How much house can you afford? A recent report shows it depends on where you live.
The National Association of Realtors (NAR) tracks home prices across the country and formulated a home buyer’s needed income level to afford the average single family home in various US cities.
Income requirements vary drastically based on geographic location.
A family in Topeka, Kansas putting 20% down needs only to make $19,000 per year to buy the average home. The same family would need to make over $90,000 to buy a home in San Diego, California.
But these two locations are statistical outliers. Looking at the entire US, the average home price was $209,000 in the fourth quarter of 2014. The income needed to buy the average US home, according to the NAR, is about $38,000 per year.
Many families are finding it easier than they expected to break into their local housing market. Dropping rates and cooling home appreciation have helped average home buyers like few times in history.
NAR Report Underestimates Buying Power
Most home buyers can afford more house with less money than the NAR study suggests.
The report bases findings on conservative terms: the home payment is equal to just 25% of the buyer’s income. Even adding in property taxes and homeowners insurance, costs the NAR does not factor in, most borrowers can qualify for more.
Lenders can approve house payments up to 30-40% of a borrower’s income depending on other debts and loan program. The report suggests a buyer in Denver, Colorado with an income of $58,000 per year could buy the average home price of $315,000.
Yet a buyer with this income and 20% down could quite easily qualify for a $350,000 home provided minimal payments on other debts.
To qualify for the average home, a buyer in Denver could make as little as $50,000 per year or even less. The same idea applies to areas across the country. Buyers with great credit and low debt can afford more than studies estimate.
Lower Down Payments Could Be the Best Deal
It makes sense. The less a home buyer puts down, the higher the loan amount and monthly payment.
NAR estimates that a buyer in Washington, DC with 20% down needs to make $69,000 per year. The same borrower would need an income of $82,000 per year, or choose a more affordable home, if they put 5% down.
But is a lower payment worth the extra initial cash outlay?
Many would argue no. Financial and business experts often argue that “cash is king”. The cliché simply means that having extra cash on hand for emergencies is much better than a lower loan amount or monthly payment.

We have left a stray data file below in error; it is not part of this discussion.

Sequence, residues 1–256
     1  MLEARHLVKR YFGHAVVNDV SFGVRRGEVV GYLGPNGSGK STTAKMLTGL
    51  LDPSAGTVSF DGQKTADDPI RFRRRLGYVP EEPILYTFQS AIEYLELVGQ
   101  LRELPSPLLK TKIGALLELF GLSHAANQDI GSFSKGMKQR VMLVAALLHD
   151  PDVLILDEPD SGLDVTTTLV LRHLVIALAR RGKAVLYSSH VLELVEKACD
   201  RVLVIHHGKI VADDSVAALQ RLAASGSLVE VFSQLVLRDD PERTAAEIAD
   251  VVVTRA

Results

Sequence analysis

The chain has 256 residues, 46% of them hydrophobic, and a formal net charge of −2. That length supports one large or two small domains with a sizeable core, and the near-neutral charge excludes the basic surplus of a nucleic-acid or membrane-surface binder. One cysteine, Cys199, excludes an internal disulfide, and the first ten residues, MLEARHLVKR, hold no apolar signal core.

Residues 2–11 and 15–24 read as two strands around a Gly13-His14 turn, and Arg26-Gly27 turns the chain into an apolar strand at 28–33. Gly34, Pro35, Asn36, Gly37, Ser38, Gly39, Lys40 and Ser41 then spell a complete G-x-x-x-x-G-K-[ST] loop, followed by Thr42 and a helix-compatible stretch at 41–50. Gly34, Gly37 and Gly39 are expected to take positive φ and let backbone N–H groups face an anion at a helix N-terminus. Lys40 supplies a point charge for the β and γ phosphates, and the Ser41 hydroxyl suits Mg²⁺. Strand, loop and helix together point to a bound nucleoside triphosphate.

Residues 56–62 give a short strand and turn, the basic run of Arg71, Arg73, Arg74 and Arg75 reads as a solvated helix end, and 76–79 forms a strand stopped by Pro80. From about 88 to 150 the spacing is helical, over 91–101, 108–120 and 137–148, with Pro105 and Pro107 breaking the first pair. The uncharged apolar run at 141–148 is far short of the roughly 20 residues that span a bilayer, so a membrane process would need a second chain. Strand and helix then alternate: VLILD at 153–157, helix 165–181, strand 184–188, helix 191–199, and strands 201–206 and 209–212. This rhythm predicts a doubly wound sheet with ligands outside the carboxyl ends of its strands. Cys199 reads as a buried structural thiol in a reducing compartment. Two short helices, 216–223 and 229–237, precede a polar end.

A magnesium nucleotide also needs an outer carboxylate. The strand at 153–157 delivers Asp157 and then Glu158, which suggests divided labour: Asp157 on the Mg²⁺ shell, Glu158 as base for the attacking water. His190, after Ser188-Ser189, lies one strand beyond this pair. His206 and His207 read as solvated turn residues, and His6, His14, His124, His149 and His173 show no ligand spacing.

With housing, extra cushion in the bank is important.
A mortgage payment is due every month. But if homeowners who lose their source of income without cash reserves in the bank can lose their home. Even homeowners who have 20% down should think about hanging onto some of that cash.
But many buyers simply don’t have 20% down. Zero down home loans are incredibly popular because they require very little, if any money at all, out of pocket.
What’s more, the zero-down VA home loan and USDA home loan options come with even lower rates than are available for conventional loans. Many zero-down home buyers end up with lower payments than buyers who put 5% down.
Mortgage Rates Shift Affordability
The NAR report calculates income needed based on a 4% interest rate mortgage. Yet the average 30-year fixed rate has been below 4% thus far in 2015.
Small interest rate changes affect how much a buyer can afford. A buyer in Chicago, Illinois should make an annual income of $43,000 to afford the average home, based on NAR’s assumed 4% interest rate.
The home buyer could afford a home price 5% higher at a rate of 3.5%. In general, a 1% change in mortgage rate changes buying power buy about 11%. Fractions of this formula work out about the same, and in either direction, up or down.
This is why it is so important to buy at the right time. Mortgage rates are currently lower than they have been for most of the past two years. Home prices are still affordable compared to income. It is one of the best times in the last 40 years to break into the housing market.
Perfect Pre-approval Timing
Buyers across the country are realizing that they can afford a home, and are requesting pre-approvals before they shop for a home.
Most realtors will not show a home to a prospective buyer without seeing a pre-approval letter from a reputable lender.
Home buyers who don’t know how much they can afford should contact a lender and find out. After that first step, owning a home is not all that far away.